Cardiol Res
Cardiology Research, ISSN 1923-2829 print, 1923-2837 online, Open Access
Article copyright, the authors; Journal compilation copyright, Cardiol Res and Elmer Press Inc
Journal website http://www.cardiologyres.org

Case Report

Volume 8, Number 3, June 2017, pages 117-122


Heterozygous Familial Hypercholesterolemia With APOE Haplotype: A Prospective Harbinger of a Catastrophic Cardiovascular Event

Glenmore Lasama, c, Siddesh Shambhua, Robert Fishbergb

aDepartment of Medicine, Atlantic Health System-Overlook Medical Center, Summit, NJ 07901 USA
bSection of Cardiology, Atlantic Health System-Overlook Medical Center, Summit, NJ 07901 USA
cCorresponding Author: Glenmore Lasam, Department of Medicine, Overlook Medical Center, Summit, NJ 07901, USA

Manuscript submitted April 19, 2017, accepted May 22, 2017
Short title: Heterozygous FH With APOE
doi: https://doi.org/10.14740/cr548w

Abstract▴Top 

We report a very young man with heterozygous familial hypercholesterolemia (FH) with APOE haplotype and a significant cardiac family history who underwent cardiac catheterization for intermittent episodes of exertional dyspnea and was noted to have a severe triple vessel coronary artery disease (CAD). He underwent coronary artery bypass graft (CABG) surgery which was uneventful. He was discharged on antiplatelet, beta blocker, nitrate, and statin. On routine health maintenance evaluation, he had no cardiac complaints and had been tolerating well his activities of daily living.

Keywords: Familial hypercholesterolemia; Coronary artery disease; Low-density lipoprotein; Coronary artery bypass graft

Introduction▴Top 

Familial hypercholesterolemia (FH) is a silent genetic disorder that predisposes an individual with no predilection to age to premature coronary artery disease (CAD). Early on, aggressive anticholesterol medication should be instituted. However, in cases of individuals with manifestations of heart disease that has been confirmed on angiography, coronary artery bypass graft (CABG) should be done to halt the progression of symptoms and prevent deleterious complications.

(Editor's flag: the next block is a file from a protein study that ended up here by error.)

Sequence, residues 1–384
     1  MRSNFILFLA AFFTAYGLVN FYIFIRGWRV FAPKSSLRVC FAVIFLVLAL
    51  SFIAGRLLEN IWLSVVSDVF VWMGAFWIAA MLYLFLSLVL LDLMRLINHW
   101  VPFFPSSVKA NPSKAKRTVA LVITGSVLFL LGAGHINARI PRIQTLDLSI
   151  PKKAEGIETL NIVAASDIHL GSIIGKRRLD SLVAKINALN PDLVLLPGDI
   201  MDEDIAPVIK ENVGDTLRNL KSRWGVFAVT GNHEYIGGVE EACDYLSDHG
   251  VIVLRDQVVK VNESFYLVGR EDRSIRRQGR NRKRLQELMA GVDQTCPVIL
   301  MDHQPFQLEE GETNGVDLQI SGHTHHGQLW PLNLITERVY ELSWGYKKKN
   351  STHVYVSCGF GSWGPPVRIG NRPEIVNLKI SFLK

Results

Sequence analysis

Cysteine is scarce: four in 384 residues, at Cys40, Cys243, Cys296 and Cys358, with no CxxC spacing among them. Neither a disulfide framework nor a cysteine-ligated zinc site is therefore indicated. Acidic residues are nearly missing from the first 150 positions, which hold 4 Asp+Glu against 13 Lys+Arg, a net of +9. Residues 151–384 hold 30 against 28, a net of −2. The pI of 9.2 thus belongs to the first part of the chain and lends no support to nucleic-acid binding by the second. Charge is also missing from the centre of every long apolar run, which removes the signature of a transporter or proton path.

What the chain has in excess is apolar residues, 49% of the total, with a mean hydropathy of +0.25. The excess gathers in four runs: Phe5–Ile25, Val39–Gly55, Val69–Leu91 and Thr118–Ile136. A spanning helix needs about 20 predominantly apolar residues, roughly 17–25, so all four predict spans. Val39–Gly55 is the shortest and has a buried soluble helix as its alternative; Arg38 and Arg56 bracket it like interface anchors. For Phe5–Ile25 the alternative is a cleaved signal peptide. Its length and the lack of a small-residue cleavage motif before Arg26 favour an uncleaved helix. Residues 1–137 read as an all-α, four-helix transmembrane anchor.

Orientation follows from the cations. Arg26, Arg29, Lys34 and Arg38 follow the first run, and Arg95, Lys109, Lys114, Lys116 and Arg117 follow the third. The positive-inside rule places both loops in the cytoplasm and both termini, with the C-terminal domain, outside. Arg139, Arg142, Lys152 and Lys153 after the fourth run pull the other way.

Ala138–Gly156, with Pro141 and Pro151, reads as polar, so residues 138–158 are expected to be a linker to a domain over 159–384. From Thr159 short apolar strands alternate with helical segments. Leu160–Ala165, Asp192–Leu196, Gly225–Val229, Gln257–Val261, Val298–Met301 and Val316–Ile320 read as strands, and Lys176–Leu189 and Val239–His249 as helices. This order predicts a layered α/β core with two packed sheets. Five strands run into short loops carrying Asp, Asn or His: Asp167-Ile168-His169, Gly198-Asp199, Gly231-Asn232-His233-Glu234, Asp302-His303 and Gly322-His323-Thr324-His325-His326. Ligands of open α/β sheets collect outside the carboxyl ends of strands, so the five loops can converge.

Case Report▴Top 

A 27-year-old male with a medical history significant for FH diagnosed approximately 10 years ago presented for further evaluation. He had been diagnosed in 2006 with a particularly virulent genetic form of heterozygous FH involving mutations in low-density lipoprotein (LDL) receptor with Gln125 variant and APOE haplotype E3/E4. He had a strong family history of CAD. He was noted to be intolerant to several statins but had recently been tolerating simvastatin. Other pertinent medical history included only seasonal allergies. Current medications being taken included simvastatin, ezetimibe, evolocumab, aspirin, alprazolam, and albuterol.

The patient had significant family history including a recently diagnosed mother with heterozygous FH, a cousin who had a sudden death at age 29 from a myocardial infarction and a grandfather and an uncle who both required CABG in their 40s (Fig. 1). Social history revealed that the patient was an ex-smoker having quit at the age of 22 and he rarely drank alcohol. Review of systems was significant for dyspnea going up stairs but with good exercise tolerance however. The patient denied any chest pain on exertion to imply possible unstable angina.

Figure 1.
Click for large image
Figure 1. Pedigree of the patient depicting his grandfather and uncle who possibly have FH in the setting of heart attack in their 40s requiring CABG, his mother with recently diagnosed heterozygous FH, and a cousin who had a sudden cardiac death at age 29.

On physical examination, the patient’s heart rate was in the 60s in regular rhythm and his blood pressure was normal. He has moist oral mucosa, clear conjunctiva, and a note of a gray arc on the upper area of his cornea. There were no palpable head or neck masses and heart sounds were normal with no murmurs. Neither carotid nor abdominal bruit was appreciated. Abdomen was soft, non-tender with no masses and peripheral pulses were normal with no peripheral cyanosis or clubbing of his extremities. Neurological exam was unremarkable. Electrocardiogram revealed sinus rhythm with no ischemic changes while chest radiograph showed no acute cardiopulmonary process but had a prominent heart (Fig. 2).

Figure 2.
Click for large image